WHAT IT MEANS:
- INDICATOR: August Supply Managers’ Manufacturing Index and July Construction and Home Prices
- KEY DATA: ISM (Manufacturing): -1.6 points; Orders: -4.8 points/ Construction: +0.7%; Private: +1.3%/ Home Prices (monthly): 1.7%; Year-over-Year: +6.9%
- IN A NUTSHELL: “A deceleration in the manufacturing sector points to slower growth in the third quarter even as housing, construction and vehicle sales remain strong.”
The economy’s yin and yang can be clearly seen in today’s data.
On the dark side, the Institute for Supply Management reported that manufacturing activity continued to moderate in August. Growth continued, but it wasn’t particularly fast.
What concerned me the most was the sharp deceleration in orders. The index hit its lowest reading in over two years. Export demand continues to fade as well, highlighting the problems created by a strong dollar and questionable Chinese growth.
Hiring also moderated, but that component has not been really strong for a while.
About the only good news in the report was that order books thinned at a slower pace.
However, backlogs continued to drop.
While manufacturing seems to be having issues, other portions of the economy are still strong. Construction boomed in July on top of a robust June gain. Both private residential and nonresidential building activity boomed during the summer. Indeed, there were increases in almost every sector, interestingly, including manufacturing. Since July 2014, private sector construction was up nearly 17%.
The sharp rise in residential construction is being matched by strong increases in home prices. CoreLogic reported a robust gain in July not just over the month but also since July 2014. Price gains are once again accelerating, a sure sign of housing market strength.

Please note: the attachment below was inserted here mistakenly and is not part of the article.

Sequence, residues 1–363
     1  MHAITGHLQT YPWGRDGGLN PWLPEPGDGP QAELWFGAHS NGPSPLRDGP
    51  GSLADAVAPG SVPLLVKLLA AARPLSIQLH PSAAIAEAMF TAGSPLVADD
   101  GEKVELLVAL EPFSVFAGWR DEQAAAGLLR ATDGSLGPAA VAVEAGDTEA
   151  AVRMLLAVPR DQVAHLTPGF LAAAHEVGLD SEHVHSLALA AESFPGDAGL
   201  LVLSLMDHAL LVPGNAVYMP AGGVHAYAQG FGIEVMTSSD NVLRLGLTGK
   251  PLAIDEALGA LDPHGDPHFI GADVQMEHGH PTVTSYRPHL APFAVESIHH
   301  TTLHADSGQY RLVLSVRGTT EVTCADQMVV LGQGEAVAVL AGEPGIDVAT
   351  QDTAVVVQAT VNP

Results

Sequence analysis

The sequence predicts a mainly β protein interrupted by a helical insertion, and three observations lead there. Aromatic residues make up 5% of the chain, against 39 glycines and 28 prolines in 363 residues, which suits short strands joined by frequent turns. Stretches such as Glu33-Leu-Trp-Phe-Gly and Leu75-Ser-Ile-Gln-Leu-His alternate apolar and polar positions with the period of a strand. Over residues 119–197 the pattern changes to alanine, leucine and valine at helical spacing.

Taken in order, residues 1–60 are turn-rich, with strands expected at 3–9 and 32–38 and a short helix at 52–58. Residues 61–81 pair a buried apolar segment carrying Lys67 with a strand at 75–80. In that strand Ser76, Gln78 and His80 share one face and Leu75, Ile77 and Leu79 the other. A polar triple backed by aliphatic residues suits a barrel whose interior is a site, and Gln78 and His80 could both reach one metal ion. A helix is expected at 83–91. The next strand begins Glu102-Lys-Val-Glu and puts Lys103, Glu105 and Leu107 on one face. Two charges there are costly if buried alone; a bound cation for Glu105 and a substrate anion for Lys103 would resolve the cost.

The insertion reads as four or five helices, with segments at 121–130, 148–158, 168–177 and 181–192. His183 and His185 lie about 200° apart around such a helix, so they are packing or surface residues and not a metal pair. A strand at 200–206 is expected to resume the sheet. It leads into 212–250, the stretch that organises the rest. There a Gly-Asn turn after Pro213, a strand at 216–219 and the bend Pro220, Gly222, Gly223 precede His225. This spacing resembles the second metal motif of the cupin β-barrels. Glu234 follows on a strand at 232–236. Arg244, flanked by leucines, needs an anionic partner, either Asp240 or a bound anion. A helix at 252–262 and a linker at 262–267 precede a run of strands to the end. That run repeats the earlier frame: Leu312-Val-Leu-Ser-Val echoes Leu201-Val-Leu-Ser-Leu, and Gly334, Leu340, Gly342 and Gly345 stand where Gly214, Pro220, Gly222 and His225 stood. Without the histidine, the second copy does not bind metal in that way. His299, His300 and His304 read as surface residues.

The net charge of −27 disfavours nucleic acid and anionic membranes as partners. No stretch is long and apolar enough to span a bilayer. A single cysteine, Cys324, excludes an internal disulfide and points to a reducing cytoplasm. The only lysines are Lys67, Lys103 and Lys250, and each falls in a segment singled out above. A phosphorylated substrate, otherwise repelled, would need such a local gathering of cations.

MARKETS AND FED POLICY IMPLICATIONS:
Investors are trying to make some sense of the Chinese economic data but until we have confidence that the data are anything more than trend indicators, we will not know how hard a slowdown China is facing.
Hopefully, investors will now recognize what most of us have known but been unwilling to admit: The Chinese data are questionable given the difficulty to collect data accurately in a country that large and underdeveloped and the political needs of the government.
So take anything that comes out with a bucketful of salt. Uncertainty about data for the second largest economy in the world cannot be good for the markets.
Yet the U.S. economy continues to move forward.
Manufacturing is slowing, but domestic demand remains strong. Indeed, it looks like August vehicle sales pace could come in at a better than expect 17.4 million sales pace. With families buying houses as well, we should see an upturn in the demand for manufacturing goods that go into building those products.
The U.S. economy can sustain a solid growth rate unless the situation in Asia is a lot worse than expected.
Investors need to separate the international companies from the domestic ones.
And the Fed has to recognize that stock-price changes and the domestic economy are not one in the same.
Unlike the 1990s, when irrational exuberance reigned, households are not reacting rapidly to changes in wealth. They know better, sadly. Friday we get the jobs report and hopefully it is clear-cut.
We need something that sets the tone and I am hoping for an unambiguously strong one so the Fed has cover to raise rates.
I believe they should do that right away.
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